Home News INDIAN NEWS Rahul’s absence puts question marks?

Rahul’s absence puts question marks?

62
0
SHARE
Congress vice president Rahul Gandhi

Congress vice president Rahul Gandhi addressing an election rally in New Delhi
Congress vice president Rahul Gandhi addressing an election rally in New Delhi

By Prashant Sood 

¬†Congress vice-president Rahul Gandhi’s long “leave of absence” appears to have accentuated the debate in the Congress on his possible elevation with clear differences among party leaders on the issue. While a section wants him to assume the mantle at the earliest, there are leaders who want party president Sonia Gandhi to continue steering the party.

“There are two groups in the party. One is keen on Rahul Gandhi’s early elevation and the other wants that he should continue as vice-president and Sonia Gandhi should continue leading the party. There will, hopefully, be clarity once Rahul Gandhi returns,” an All India Congress Committee (AICC) functionary said.

The functionary, who did not want to be named, said that varied statements by senior leaders have caused apprehension among the party rank and file.

“We get calls from party workers in states wanting to know what will happen. The earlier there is certainty over the issue, the better it is for the party,” he said.

Rahul Gandhi, 44, who is an MP from Amethi, has been on leave of absence for almost 50 days with no indication of disclosure about the place he has gone to. After he went on leave, Congress leaders said he had requested for time to reflect on the future course for the party. With questions being asked about his long leave, Congress leaders say he will take part in the party’s April 19 rally against the redrafted land bill of the National Democratic Alliance government.

Some sources said while there is a view in the party that Rahul Gandhi should assume mantle of party leadership within weeks of his return, there is another view that any change should come at the end of organisational election process in the party which is underway.

“If he becomes party president without following the organisational process, it will go against his own emphasis on internal democracy. It will be difficult to explain it to people,” a party leader said, declining to be named in view of the sensitivity of the issue involved.

However, he added that voices favouring Rahul’s elevation are likely to grow after his return.

Former Madhya Pradesh chief minister Digvijaya Singh and former union minister Kamal Nath are among those party leaders who have said that Rahul Gandhi should take over as party president. Former Punjab chief minister and the party’s deputy leader in the Lok Sabha Captain Amarinder Singh is among those who want Sonia Gandhi to continue to lead the party and for “Rahul Gandhi to work under her” for some more time.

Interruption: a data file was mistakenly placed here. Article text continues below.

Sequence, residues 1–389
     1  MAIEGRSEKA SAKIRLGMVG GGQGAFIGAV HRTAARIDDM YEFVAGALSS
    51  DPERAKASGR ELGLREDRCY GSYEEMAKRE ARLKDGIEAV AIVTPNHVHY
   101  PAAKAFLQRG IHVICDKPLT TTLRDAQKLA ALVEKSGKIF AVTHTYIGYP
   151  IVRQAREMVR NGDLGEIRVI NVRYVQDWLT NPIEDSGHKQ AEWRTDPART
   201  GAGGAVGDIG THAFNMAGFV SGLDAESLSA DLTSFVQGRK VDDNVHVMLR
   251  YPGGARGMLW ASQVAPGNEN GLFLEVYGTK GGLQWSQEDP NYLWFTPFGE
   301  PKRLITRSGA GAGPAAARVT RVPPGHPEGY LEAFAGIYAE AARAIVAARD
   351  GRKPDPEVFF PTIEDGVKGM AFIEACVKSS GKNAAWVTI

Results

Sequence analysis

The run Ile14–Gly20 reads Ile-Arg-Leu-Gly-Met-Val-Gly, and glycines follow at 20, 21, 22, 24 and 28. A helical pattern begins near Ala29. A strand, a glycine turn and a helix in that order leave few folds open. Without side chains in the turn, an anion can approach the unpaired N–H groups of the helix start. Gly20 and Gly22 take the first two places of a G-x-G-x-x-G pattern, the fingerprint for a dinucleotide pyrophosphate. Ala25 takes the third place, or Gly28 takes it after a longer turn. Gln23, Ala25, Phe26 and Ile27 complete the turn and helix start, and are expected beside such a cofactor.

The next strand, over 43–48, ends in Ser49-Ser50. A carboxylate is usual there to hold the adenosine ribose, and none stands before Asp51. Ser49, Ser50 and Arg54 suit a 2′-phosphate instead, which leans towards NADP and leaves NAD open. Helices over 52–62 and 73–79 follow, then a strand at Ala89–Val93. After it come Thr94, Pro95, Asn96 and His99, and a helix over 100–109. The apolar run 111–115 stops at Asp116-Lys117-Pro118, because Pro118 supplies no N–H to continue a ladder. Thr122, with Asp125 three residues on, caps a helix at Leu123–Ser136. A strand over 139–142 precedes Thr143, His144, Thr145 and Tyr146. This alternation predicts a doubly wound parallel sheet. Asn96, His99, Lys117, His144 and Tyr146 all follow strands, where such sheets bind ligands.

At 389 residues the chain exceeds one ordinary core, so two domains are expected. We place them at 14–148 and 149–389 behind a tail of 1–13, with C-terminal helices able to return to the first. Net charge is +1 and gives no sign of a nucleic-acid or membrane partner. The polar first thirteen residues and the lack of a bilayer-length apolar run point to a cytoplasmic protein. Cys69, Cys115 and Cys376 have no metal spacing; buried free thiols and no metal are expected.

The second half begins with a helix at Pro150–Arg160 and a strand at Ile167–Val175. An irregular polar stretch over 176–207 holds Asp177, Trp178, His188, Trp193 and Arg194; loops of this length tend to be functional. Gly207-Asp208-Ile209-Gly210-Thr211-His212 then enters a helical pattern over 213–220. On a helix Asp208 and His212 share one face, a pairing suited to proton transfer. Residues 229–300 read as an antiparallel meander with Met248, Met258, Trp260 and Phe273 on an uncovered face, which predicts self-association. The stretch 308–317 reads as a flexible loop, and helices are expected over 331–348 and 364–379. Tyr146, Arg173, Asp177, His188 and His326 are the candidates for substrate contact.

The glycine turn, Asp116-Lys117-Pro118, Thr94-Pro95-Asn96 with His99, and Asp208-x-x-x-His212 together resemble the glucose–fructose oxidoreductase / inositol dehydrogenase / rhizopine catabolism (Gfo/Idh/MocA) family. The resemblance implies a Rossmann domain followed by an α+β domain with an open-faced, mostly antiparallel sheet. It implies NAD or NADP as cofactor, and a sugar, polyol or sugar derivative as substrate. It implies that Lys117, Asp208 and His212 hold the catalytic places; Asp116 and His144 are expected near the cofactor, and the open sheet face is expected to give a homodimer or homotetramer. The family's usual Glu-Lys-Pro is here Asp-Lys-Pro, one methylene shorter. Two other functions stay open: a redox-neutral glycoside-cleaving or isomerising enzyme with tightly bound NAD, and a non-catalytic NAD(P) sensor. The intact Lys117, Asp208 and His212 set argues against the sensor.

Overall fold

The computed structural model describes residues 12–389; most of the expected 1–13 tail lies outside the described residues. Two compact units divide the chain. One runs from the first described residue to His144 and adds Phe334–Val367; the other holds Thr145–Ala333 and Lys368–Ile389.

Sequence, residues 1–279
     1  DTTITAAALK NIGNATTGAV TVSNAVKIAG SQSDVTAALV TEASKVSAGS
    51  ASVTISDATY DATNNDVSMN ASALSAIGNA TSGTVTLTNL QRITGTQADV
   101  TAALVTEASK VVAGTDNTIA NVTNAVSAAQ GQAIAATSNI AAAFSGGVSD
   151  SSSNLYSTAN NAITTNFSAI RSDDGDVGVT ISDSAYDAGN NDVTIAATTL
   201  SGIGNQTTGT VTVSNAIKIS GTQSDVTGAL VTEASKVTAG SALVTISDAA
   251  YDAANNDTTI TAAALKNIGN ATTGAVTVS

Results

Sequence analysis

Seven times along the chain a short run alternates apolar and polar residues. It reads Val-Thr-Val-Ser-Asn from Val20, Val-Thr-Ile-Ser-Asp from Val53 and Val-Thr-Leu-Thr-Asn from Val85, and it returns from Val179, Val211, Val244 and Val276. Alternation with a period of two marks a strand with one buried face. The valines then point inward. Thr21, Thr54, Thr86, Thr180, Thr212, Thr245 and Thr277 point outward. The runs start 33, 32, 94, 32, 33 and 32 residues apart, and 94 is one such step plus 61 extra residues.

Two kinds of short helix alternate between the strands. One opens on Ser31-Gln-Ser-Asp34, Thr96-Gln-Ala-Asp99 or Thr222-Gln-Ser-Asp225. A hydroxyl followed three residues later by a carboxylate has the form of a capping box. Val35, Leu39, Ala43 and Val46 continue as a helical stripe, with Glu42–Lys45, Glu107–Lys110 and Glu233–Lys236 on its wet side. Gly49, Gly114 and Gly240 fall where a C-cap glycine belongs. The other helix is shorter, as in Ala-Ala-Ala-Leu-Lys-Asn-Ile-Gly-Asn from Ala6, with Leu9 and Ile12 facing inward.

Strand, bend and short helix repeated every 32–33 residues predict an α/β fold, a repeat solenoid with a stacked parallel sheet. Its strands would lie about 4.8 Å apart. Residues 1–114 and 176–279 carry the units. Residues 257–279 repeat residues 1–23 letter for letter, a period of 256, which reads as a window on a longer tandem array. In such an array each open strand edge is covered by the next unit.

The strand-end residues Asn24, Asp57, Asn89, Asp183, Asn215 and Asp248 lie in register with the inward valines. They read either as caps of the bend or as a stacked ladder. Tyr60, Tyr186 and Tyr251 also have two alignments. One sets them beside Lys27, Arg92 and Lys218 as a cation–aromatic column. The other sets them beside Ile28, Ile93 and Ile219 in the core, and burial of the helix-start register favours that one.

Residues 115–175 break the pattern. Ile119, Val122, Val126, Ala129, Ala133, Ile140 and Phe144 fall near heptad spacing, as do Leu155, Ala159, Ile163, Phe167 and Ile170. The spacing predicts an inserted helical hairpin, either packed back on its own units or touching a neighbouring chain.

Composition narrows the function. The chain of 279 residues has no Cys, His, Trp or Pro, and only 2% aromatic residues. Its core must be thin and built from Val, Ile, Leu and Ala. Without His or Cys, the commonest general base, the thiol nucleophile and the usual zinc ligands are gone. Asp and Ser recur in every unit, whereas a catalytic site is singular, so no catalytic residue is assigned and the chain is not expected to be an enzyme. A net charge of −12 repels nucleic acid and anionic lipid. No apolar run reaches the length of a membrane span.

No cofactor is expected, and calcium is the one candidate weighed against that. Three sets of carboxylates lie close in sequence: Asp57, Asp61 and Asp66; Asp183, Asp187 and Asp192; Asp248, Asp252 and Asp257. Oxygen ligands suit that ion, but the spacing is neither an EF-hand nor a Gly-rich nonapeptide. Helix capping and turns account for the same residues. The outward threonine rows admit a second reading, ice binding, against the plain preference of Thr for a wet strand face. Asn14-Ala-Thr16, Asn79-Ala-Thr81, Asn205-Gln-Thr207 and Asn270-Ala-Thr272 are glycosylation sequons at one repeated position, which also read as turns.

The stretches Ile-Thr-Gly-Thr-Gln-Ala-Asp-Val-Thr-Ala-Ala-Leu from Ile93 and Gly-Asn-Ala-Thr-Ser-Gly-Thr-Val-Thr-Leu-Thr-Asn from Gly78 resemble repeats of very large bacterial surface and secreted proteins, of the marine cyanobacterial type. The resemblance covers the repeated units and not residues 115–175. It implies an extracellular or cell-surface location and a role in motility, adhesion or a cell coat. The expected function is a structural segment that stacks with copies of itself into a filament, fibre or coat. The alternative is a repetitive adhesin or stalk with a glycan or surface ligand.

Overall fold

Leaders in favour of Rahul Gandhi’s elevation and those who want his mother Sonia Gandhi to continue have different logic.

A senior party leader who sees merit in Rahul Gandhi’s early elevation, says that “generational change is inevitable.”

The leader, who spoke on the condition of anonymity, said that Rahul Gandhi should get a free hand to implement his ideas and his plans for the party’s rejuvination.

“He has a clear mind. His vision is clear. His road map is clear,” this leader said.

He said Rahul Gandhi should be given time to execute his plans and there was no use in taking a decision on his elevation after a few months.

“What will change in a few months,” he asked.

The leader admitted that there were some senior leaders in the party who were hesitant to some ideas of Rahul Gandhi.

“They are unable to understand his vision of rejuvenating the Congress,” he said.

The section which wants Sonia Gandhi to continue leading the party says she is the best leader at a time when the party is going through one of its most difficult phases.

The Congress was reduced to 44 seats in the last Lok Sabha elections and has since finished third or fourth in successive assembly polls. In Delhi assembly elections earlier this year, the party failed to open its account.

These leaders say that every party worker strongly connects with Sonia Gandhi and she has demonstrated an ability to galvanise the party and take it on the path to recovery.

“There are no reasons why Rahul Gandhi cannot work as vice-president…He needs more experience. He needs to go around the country,” Capt Amarinder Singh said in an interview.

Former party MP Sandeep Dikshit said last week that Sonia Gandhi was needed at the helm more than ever in the past.

Officially, Congress leaders have refused to get into the internal simmering and said there is no conflict in the party.

“Soniaji is our leader. This matter (Rahul’s elevation) has to be decided when the time comes,” party spokesperson Meem Afzal said.

A party office-bearer said that Sonia Gandhi herself may be keen to pass on the baton to her son early and see him chart the path for the future.

He said that Sonia Gandhi, who is the party’s longest-serving president, was not likely to seek another term in office at the end of the party’s organisational polls in September.

The office-bearer said that latent tensions about “Old Guard versus Gen Next” seemed to be easing and even if Rahul Gandhi is elevated early, there may not be drastic changes in the party’s top echelons.

“There will be place for seniors also. Look at the media team that has been recently reconstituted. None of the seniors was removed while many young and articulate faces were added,” he said.